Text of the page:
Define the four entities (Products, Facilities, Vehicles, Routes) and place them on the map to create a model of your supply chain. Then simulate how your supply chain will perform. This page is a quick start guide for running simulations and working with the data that simulations produce.
Watch the video and scan the screenshots below
This video shows examples from the Cincinnati Seasonings case study, but what you see here applies equally to any other case study. In the screenshots below we show examples from the Collaborative Supply Chains case study.
All supply chain models must be approximations to some degree because making absolutely precise measurements of supply chain entities in the real world is not possible. You can make very precise operating measurements at the level of an individual facility such as a factory or warehouse because within that facility you have a lot of control over what happens (so fractions of meters and minutes are meaningful). But what level of precision is realistic when measuring operations across an entire supply chain operating out in the world?
It is not possible to get absolutely precise weights and measurements of every product and shipping container in a supply chain. It is not possible to predict or control external factors impacting supply chain operations such as traffic jams, accidents and breakdowns, storms and disasters. So data used must be averages reflecting this reality. Use best data available for defining your supply chain model, but do not obsess over levels of accuracy beyond what is realistic (see more about this in All Supply Chain Models are Approximations).
SIMULATING SUPPLY CHAINS — IMPROVING THEIR DESIGN
Follow these 8 steps shown in the screenshots below to simulate performance of your supply chain and improve its design based on simulation results:
NOTE: Make sure there are no blank numeric fields for any values in the supply chain entities. If you erase a number for one of the entities, either type in a new number, or type in a zero, do not leave it blank.
Step 1 — To start a simulation, click the “Simulation” Button on supply chain edit screen.
Step 2 — A new browser tab opens when you click the “Simulation” button. This simulation screen is where you run simulations. Click the “Play” button on the simulation screen to start a simulation.
Step 3 — When the simulation begins, the supply chain operations data generated by the simulation is displayed on the right side of the screen. Vehicles are also shown as they move on the routes to carry products between facilities. Vehicle positions on the map are shown as hourly snapshots so slow moving vehicles move more smoothly and fast moving vehicles move in jumpy motions. Scroll through the list of facilities and click on different facilities to see graphic and numeric displays of their performance. Learn more about analyzing this simulation data in “Analyzing Simulation Data“.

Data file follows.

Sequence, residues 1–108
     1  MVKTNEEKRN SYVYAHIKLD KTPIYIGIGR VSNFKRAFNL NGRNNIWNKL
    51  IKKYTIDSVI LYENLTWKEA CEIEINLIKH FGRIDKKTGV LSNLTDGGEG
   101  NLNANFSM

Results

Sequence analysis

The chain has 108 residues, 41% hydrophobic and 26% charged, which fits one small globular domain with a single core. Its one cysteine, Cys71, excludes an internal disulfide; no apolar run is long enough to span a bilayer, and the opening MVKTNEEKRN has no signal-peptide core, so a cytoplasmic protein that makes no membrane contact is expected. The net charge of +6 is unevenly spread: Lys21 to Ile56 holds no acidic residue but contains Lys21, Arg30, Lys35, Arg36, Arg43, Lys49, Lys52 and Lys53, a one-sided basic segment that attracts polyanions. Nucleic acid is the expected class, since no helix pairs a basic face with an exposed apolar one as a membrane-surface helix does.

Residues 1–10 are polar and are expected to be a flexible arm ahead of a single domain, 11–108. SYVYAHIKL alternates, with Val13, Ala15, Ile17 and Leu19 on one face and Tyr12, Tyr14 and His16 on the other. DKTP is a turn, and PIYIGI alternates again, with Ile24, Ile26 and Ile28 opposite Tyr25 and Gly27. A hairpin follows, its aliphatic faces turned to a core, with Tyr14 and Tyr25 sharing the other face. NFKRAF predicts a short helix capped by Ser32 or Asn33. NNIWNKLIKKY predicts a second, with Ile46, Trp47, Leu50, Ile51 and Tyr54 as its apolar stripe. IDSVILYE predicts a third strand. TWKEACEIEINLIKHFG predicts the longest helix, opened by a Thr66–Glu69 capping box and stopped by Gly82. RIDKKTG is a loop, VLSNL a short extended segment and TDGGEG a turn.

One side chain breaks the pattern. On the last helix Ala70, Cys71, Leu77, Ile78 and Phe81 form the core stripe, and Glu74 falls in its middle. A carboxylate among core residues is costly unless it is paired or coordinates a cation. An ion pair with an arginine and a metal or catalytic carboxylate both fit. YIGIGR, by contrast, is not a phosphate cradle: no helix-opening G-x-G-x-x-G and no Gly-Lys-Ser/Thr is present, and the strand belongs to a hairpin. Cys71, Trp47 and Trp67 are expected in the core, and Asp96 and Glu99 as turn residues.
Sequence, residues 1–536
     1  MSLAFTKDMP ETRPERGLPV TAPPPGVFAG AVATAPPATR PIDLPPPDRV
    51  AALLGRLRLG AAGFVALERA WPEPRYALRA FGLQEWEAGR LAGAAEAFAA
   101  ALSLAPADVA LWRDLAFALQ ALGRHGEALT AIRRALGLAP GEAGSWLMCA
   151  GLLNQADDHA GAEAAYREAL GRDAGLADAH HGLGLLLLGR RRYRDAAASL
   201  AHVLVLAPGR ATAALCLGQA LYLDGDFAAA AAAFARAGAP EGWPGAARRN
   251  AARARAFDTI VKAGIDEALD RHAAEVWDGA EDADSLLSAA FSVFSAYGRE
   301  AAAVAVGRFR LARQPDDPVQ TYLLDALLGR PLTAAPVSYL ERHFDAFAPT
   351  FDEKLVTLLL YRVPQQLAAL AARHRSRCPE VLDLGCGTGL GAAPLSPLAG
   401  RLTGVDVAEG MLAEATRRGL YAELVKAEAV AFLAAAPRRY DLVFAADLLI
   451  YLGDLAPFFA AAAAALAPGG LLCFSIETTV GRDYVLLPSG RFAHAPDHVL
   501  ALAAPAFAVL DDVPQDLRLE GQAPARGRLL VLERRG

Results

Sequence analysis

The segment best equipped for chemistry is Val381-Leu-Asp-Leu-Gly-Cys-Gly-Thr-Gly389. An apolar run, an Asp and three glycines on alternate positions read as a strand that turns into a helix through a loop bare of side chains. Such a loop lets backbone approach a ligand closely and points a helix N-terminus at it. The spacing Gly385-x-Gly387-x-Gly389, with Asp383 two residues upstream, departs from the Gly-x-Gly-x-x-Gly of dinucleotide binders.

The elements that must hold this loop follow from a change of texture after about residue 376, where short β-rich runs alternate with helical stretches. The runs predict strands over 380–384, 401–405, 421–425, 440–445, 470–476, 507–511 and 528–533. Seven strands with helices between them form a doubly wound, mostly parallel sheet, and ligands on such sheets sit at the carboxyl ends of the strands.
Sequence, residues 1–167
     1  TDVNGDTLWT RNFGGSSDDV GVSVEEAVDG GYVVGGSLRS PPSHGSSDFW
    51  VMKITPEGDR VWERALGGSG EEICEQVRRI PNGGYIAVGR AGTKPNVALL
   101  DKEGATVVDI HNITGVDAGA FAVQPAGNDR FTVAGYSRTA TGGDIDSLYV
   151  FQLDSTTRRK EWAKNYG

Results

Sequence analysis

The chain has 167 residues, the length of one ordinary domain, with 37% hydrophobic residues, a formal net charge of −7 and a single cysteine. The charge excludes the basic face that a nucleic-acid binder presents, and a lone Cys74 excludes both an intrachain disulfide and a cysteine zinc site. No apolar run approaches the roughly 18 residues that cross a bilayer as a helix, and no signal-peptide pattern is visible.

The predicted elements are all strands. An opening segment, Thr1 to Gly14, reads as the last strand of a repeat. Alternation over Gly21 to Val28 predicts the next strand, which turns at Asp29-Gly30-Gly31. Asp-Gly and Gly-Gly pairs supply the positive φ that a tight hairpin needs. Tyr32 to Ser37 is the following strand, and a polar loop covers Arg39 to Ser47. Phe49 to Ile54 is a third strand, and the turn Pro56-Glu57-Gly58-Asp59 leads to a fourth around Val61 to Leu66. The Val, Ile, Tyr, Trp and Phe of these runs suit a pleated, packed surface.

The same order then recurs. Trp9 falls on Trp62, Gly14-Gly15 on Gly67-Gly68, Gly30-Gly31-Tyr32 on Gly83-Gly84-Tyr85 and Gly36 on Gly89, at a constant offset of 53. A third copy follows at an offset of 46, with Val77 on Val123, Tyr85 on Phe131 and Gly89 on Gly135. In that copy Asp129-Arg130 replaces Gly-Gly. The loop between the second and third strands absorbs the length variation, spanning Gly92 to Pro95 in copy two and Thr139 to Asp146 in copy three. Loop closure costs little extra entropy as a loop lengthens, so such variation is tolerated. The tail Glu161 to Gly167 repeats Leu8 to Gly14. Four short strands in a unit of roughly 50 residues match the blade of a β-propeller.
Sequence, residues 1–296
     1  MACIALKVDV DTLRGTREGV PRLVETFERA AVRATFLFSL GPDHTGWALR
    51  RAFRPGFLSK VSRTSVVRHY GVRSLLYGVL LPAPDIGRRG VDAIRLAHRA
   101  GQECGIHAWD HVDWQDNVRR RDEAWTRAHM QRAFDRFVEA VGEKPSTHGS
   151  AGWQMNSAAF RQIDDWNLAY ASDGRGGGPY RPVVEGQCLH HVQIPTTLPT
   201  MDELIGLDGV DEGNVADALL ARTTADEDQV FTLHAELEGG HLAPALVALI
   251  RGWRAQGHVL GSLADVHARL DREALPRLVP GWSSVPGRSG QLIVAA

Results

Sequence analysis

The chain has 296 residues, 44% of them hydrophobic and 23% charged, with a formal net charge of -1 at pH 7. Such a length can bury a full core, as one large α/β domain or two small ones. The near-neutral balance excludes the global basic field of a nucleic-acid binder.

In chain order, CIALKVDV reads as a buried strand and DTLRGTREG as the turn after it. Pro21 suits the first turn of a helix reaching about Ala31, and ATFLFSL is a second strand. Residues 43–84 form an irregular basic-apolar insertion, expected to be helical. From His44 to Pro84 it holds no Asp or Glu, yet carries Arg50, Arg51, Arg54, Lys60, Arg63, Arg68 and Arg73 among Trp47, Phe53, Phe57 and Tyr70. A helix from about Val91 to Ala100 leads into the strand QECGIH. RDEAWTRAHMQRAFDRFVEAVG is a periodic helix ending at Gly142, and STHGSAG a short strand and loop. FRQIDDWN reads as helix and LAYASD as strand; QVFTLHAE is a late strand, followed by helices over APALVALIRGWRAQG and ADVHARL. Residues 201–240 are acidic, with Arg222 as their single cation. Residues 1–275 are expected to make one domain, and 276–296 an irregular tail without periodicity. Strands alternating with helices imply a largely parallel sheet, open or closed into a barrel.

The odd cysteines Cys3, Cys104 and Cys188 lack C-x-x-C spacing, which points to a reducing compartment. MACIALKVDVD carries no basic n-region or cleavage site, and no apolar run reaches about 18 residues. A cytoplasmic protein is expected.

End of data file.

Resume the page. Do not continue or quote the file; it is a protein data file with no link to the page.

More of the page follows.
Step 4 — A simulation will run until it finds one or more points of failure. Points of failure are facilities in the supply chain that either run out of products or that accumulate too much on-hand products and thus run out of storage space.
Step 5 — Data displays provide information about supply chain performance. Use this data to assess what is happening and fix points of failure. Shown below are examples of the data displays available under the four data tabs. The facility tab shows data about facilities. The vehicle tab shows vehicle data, and the products tab shows product data. The console tab shows all the data. Click on the button labeled “Export Results to Excel” to export the simulation data as a spreadsheet (a CSV file) to your PC or laptop. Learn more about analyzing simulation data in “Analyzing Simulation Data“.
Step 6 — Leave the simulation browser tab open so that you can refer back to the data as needed. Click on the browser tab for the screen where you edit the definitions of the four entities (Products, Facilities, Vehicles, Routes).
Step 7 — Make changes to products, facilities, vehicles and routes as needed to fix the point of failure that caused the simulation to stop. On the edit screen, use the accordion menu on the right to select the products, facilities, vehicles, and routes that you wish to change. Make changes and click “Update” button to record those changes. From time to time, as you make changes, it is good to click the browser refresh button to synchronize those changes and update the supply chain data model.